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Château under siege: a case for nationalization

By Ken Grafton      

Built by the Crown on Crown land and adjacent to Parliament Hill, the Government of Canada nonetheless decided to privatize the Château Laurier in 1988. That decision can be reversed. It may now be time to bring it back under Crown stewardship. It belongs to Canadians, perhaps they deserve to own it.

Completed in 1912 by the Grand Trunk Railways in conjunction with Union Station, the Gothic Revival Châteauesque-style hotel has been an iconic symbol of the nation’s capital ever since. A pet project of prime minister Wilfrid Laurier, the hotel bears his name today. The Hill Times photograph by Andrew Meade

WAKEFIELD, QUE.—If architecture is indeed frozen music, as Johann Wolfgang von Goethe once declared, the proposed addition to Ottawa’s landmark Château Laurier hotel is extremely discordant to many ears. Ross and Macdonald must be rolling in their graves. Toronto condominium architect Peter Clewes, commissioned by building owner Larco Investments, defended his design as bridging the cultural divide between past and future. Some feel that it more resembles a bridge abutment. Now known popularly as “The Radiator,” it does bring back the 1970s; it resembles the Manulife Tower at 220 Laurier Ave. West (completed in 1975). The Radiator would fit in next door. While Manulife Tower is not an unattractive structure; it is an office building, not a national treasure. The standards are different.

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Continuity key to speakership in minority Parliament, say politicos, contenders

News|By Beatrice Paez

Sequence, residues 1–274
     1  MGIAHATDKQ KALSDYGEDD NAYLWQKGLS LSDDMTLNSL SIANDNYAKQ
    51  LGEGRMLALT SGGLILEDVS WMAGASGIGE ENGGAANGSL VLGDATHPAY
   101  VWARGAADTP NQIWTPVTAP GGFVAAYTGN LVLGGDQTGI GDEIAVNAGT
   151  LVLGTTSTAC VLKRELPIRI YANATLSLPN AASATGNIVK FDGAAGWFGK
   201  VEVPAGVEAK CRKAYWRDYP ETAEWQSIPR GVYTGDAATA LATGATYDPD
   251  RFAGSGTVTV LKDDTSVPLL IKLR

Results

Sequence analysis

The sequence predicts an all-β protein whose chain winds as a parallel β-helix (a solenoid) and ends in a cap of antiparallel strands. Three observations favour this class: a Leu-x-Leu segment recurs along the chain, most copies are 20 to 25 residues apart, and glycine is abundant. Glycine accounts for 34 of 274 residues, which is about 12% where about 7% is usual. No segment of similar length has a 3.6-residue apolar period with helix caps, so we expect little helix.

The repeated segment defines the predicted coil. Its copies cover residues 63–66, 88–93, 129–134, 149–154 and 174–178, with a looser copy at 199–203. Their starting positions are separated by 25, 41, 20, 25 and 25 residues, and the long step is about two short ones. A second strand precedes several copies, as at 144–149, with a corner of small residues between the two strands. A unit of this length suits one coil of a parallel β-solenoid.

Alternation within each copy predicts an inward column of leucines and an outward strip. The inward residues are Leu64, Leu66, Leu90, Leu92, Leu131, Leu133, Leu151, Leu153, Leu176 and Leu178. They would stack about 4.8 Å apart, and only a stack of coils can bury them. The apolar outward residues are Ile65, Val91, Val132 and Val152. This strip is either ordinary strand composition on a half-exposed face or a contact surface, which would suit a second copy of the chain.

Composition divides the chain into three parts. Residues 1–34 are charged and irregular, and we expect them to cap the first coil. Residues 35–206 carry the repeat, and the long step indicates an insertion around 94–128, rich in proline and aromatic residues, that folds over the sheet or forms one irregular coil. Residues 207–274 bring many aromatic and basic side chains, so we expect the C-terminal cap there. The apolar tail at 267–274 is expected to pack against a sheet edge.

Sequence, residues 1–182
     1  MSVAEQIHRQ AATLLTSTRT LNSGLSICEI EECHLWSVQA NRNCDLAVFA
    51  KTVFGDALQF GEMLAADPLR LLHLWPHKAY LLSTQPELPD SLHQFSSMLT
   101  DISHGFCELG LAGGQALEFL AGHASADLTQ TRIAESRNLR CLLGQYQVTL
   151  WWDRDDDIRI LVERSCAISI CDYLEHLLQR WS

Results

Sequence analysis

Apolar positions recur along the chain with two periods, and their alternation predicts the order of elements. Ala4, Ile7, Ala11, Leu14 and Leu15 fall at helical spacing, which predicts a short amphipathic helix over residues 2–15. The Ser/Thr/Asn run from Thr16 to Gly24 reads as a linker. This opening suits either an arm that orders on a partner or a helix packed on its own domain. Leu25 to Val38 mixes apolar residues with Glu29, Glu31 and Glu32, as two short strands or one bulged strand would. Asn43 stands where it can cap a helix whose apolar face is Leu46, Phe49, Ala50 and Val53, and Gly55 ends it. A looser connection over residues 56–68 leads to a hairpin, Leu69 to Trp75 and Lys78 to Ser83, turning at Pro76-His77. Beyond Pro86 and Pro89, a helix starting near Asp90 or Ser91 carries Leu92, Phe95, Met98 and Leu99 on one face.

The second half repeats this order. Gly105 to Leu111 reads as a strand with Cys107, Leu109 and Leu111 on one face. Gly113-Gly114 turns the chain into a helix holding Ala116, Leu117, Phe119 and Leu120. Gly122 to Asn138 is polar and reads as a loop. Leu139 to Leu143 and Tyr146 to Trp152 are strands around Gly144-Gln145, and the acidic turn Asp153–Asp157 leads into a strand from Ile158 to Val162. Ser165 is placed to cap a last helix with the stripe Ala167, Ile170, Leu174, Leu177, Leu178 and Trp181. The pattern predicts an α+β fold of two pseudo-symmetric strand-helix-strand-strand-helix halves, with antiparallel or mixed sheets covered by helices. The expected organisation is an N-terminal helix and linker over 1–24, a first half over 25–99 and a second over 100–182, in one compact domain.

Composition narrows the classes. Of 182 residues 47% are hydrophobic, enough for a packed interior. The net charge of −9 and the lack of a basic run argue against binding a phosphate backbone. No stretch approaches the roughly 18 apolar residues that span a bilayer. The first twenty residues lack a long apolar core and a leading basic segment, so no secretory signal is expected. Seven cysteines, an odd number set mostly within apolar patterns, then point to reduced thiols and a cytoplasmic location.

Prime Minister Justin Trudeau has a relatively 'comfortable' minority Parliament, and could survive with one fewer vote if the new Speaker is a Liberal, says Samara's Paul Thomas.

New Senate group eligible for $191,000 for rest of the year, but funding source up in the air 

Conservative Senators' questions over new Canadian Senators Group’s purpose are ‘sour grapes,’ says interim leader Senator Scott Tannas.

PIPSC to expand fight against government outsourcing, says union president

News|By Mike Lapointe
PIPSC president Debi Daviau says amount spent on outsourcing has increased ‘despite commitment by the government to reduce spending on external consultants to 2005 levels,’ at union’s annual general meeting.

‘This is different’: diplomats warned of divided Canada during parliamentary crash course

Given Canadians' self-professed preference for a minority government, 'I think we all are on probation,' Liberal MP Greg Fergus told diplomats.

Nearly 100 new MPs waiting until after cabinet reveal to move into offices

News|By Palak Mangat
The process of new MPs learning where their Ottawa offices will be will begin after Prime Minister Justin Trudeau announces who will be making up his re-jigged cabinet on Nov. 20, the government whip said last week.

86 ridings in 40 days: Trudeau’s cross-country sprint may have given party an edge

While a whistle stop in a tight race can help tip the outcome, political experts say there are other factors at play in galvanizing the electorate.
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